Social Media Companies React to the Rise in Racism

Over the last decade, the flames of racism were at an all-time high and the George Floyd case sparked what is known as the biggest anti-racism movement. The Black Lives Matter Movement not only called regular people into action but brands and companies started to own themselves and showed it to the world.

Amongst one of the most mobile brands was Stormi Steele's Canvas Beauty Brand. A startup aimed to help with the hair problems that black women face. Back in 2017, she started with $800 and is now on way to $20 million in revenue.

Despite the massive success of Steele's brand, the consumer's undying question of whether Canvas is a black-owned store did not seem to end on itself.

With the Black Lives Matter movement peaking in 2021, the concept of black-owned businesses started to stem itself strongly.

Recently, Social Media Giant, Facebook's Subsidiary Instagram joined in on assisting the Black Lives Matter movement by introducing the feature of adding a black-owned label to the businesses. This enabled online businesses to answer the undying question.

This feature enables the black-owned stores to increase the factor of trust as a third party removes all doubts for the consumers. Even though Instagram does not have the statistical data on how many businesses would employ this feature there are some numbers of last year that encouraged them to do so.

With the Black Lives Matter movement rising to its peak in 2020, Instagram saw over 1.3 million posts reference to being black-owned or black-led and that furthered when around 50% more businesses in the US addressed themselves as black-owned at the same time.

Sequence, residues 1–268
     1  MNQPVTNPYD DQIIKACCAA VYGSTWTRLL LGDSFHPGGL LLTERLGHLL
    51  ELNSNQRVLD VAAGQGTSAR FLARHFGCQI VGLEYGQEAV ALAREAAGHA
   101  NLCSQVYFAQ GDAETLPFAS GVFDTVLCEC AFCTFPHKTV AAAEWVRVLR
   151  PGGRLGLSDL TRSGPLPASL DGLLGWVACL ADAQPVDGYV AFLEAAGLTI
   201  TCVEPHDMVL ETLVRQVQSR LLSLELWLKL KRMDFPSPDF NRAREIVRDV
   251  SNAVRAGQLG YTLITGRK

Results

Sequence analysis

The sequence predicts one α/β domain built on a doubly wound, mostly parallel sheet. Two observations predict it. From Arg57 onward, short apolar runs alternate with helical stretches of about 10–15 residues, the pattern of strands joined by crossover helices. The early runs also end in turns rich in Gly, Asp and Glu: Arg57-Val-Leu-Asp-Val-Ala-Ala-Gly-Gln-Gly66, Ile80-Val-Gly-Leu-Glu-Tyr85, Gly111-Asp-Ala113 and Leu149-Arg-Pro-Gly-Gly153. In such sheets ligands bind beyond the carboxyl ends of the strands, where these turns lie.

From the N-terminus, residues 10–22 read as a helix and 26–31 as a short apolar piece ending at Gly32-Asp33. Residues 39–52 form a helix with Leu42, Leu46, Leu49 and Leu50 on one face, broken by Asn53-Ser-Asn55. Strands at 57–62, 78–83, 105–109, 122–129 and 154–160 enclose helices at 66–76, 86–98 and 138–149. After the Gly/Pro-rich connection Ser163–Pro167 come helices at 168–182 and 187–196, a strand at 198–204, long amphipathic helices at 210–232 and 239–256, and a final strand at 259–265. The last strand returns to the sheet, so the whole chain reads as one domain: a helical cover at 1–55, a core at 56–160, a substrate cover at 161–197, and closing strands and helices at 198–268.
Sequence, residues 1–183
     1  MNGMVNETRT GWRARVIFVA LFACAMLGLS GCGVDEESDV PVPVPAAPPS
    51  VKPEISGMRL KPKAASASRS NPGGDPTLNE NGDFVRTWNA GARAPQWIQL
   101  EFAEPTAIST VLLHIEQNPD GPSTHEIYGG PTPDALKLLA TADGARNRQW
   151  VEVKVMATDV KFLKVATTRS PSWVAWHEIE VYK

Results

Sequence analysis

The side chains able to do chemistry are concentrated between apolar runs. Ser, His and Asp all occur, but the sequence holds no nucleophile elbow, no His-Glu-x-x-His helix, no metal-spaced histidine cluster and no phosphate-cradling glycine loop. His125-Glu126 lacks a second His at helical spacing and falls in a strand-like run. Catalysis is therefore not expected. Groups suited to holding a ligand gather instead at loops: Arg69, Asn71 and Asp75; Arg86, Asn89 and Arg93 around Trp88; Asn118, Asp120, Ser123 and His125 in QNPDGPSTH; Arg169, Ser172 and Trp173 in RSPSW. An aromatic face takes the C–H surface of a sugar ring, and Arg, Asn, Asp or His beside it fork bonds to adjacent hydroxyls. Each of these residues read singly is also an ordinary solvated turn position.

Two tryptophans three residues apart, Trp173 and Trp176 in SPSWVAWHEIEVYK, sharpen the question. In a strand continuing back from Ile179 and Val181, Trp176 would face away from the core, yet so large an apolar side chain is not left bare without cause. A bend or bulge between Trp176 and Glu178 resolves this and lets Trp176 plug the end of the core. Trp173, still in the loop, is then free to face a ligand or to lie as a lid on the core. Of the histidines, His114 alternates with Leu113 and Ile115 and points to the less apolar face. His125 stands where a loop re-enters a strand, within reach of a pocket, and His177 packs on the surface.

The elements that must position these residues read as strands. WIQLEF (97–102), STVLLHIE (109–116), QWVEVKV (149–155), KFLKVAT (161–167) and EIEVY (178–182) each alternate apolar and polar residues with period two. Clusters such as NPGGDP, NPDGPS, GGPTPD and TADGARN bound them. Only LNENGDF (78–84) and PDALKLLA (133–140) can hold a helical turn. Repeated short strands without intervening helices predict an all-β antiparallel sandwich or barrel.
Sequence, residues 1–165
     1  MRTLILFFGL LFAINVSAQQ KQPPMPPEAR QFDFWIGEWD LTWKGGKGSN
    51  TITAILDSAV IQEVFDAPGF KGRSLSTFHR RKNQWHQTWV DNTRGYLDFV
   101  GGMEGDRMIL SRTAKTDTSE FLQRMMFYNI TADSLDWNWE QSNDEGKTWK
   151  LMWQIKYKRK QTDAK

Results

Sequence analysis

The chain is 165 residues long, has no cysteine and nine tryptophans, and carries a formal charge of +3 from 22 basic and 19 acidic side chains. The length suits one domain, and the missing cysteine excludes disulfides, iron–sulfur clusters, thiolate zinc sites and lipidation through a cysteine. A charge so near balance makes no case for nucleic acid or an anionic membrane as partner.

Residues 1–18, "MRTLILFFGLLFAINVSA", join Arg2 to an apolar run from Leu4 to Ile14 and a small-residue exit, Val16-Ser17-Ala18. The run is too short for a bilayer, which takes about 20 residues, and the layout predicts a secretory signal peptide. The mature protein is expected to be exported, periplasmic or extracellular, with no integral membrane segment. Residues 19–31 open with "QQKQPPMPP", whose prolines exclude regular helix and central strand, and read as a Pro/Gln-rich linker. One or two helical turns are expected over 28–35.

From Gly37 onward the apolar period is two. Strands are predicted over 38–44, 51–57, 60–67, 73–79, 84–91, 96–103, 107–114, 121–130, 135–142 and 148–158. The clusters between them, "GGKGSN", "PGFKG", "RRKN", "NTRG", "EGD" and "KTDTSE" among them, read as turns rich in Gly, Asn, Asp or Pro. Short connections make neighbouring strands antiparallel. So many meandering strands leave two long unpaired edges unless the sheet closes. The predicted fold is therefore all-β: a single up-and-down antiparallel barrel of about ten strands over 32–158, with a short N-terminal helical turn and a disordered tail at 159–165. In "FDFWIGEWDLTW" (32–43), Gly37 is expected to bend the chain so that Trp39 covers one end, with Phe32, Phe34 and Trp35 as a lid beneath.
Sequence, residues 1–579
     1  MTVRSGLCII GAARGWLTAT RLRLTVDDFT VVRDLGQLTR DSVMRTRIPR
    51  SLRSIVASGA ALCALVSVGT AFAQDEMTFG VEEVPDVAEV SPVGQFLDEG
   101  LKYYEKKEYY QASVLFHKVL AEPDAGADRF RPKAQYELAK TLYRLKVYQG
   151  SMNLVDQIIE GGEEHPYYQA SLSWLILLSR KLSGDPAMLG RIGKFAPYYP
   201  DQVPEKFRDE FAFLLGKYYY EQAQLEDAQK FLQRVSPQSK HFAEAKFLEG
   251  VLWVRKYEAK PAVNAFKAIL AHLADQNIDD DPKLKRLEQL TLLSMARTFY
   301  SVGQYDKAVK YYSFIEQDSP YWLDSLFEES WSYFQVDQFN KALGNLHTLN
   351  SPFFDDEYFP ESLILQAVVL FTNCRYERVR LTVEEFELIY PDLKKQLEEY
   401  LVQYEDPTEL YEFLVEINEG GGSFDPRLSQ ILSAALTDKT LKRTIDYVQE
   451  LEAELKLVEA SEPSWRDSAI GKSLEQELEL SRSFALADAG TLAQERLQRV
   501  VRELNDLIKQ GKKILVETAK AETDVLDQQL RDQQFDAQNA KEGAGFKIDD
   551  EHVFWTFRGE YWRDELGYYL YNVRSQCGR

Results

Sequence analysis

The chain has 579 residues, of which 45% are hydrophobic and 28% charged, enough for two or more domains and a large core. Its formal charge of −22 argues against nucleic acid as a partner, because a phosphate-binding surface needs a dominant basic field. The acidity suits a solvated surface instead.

Rachel Brooks, a project manager at the equity team at Instagram mentioned the developments that led them to create the label. She mentioned the calamities that struck the black community in the pandemic and how difficult it was getting for black-owned stores to put themselves out there. The increase in the hashtag #buyblack and many others brought forth the idea of a label to identify black-owned businesses.

Not only that, but this label also incorporates the black-owned theme in the Instagram algorithm, and people who are affiliated, support or work with will see posts from black-owned enterprises fairly more than others.

Many black-owned brands and stores appreciated the gesture from Instagram and updated the label proudly. Some even mentioned that the label has brought to them more customers and increased our reach above and beyond.

Instagram is still in talks about further developments to support black-owned businesses like Steele’s and incorporating the label into their algorithm is one of them. With the support from Instagram, black-owned businesses are head-on heels to flourish in these uncertain times by building trust and assisting in the corporate world for the discriminated against.

Read next: Instagram plans on pushing video content on its platform so that it can compete with other rising video based platforms

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